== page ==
“My message to Shane Warne? Just shut up and eat the grubs”
That was the headline that ran in the SMH last week above a piece penned by author, Fairfax columnist and Australian Republican Movement Chairman Peter Fitzsimons. The piece tore strips off Shane Warne.
It was written in response to some disparaging comments Warnie made in the jungle on I’m a Celebrity Get Me Out Of Here about fellow cricketing legend Steve Waugh.
The column was personal and divided readers. Depending on their allegiance to either Warnie or Waugh, Fitzsimons was either BANG on the money or completely off his rocker.
Two men, two positions, two distinct camps.
But neither Peter Fitzsimons or Warnie were accused of betraying the brotherhood because of their dust up.
Their divergent perspectives was not cast as a catastrophic failing on the part of all men. It was not viewed as proof that men simply cannot get along. That men are their own worst enemies.
It was seen as two blokes having completely different opinions.
Now contrast this with another public-dispute-via-newspaper-column in recent days.
ABC journalist Virginia Haussegger took issue with a skit that fellow tv presenter Samantha Armytage was involved in on Channel 7’s Sunrise program last week and yesterday she wrote a no-holds-barred article saying exactly that.
Armytage responded with her own column yesterday afternoon saying Haussegger has “disgraced feminism” by calling her a “mindless bimbo”, “daft” and head of the “bimbo brigade” .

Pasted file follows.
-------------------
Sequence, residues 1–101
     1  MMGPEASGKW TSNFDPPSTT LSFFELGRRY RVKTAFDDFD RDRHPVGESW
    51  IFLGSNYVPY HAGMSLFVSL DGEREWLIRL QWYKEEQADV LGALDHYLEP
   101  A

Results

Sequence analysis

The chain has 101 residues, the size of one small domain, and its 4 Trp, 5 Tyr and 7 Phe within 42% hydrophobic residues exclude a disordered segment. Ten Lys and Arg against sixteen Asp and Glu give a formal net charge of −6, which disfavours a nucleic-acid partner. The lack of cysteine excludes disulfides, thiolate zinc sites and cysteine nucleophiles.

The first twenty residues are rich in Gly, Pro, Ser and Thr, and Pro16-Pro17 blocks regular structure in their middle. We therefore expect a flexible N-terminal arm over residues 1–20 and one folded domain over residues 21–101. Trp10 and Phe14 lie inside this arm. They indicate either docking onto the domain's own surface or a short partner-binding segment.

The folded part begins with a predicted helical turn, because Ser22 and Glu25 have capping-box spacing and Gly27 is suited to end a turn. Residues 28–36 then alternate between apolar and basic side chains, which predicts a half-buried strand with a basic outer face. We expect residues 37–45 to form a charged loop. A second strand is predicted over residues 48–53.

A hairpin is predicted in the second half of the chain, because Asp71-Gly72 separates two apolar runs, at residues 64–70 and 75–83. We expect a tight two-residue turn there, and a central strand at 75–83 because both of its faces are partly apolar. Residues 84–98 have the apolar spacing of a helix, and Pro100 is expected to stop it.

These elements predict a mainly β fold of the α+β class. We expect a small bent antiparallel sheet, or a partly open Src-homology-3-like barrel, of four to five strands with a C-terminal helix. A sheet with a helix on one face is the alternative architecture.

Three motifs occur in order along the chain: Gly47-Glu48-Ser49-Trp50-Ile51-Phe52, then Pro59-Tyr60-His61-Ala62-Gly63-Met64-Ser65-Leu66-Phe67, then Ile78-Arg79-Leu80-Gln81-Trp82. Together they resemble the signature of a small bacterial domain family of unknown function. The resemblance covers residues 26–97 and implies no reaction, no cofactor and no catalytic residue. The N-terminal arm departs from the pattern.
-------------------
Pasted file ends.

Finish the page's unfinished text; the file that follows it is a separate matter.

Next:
“Whatever your interpretation [of feminism], it does not provide a license to attack — personally and professionally — another woman,” Armytage wrote for News Ltd.
Watch Sam talk about her pain at the criticism she’s received – and you can catch the whole interview here) (Post continues after the clip):
So, what might otherwise have been a legitimate discussion and disagreement about the content of breakfast television, swiftly descended into an almighty blue about what feminism means.
Of course it did. Because two women cannot possibly disagree with each other without it being the fault of all women and proof of feminism’s flaws.
The grand irony is that until women can publicly disagree with one another, without it being seen as an indictment on their entire gender, we need feminism.
Feminism does not prescribe a finishing point for every argument. It prescribes a starting point.
It’s believing that men and women ought to have the same opportunities as one another.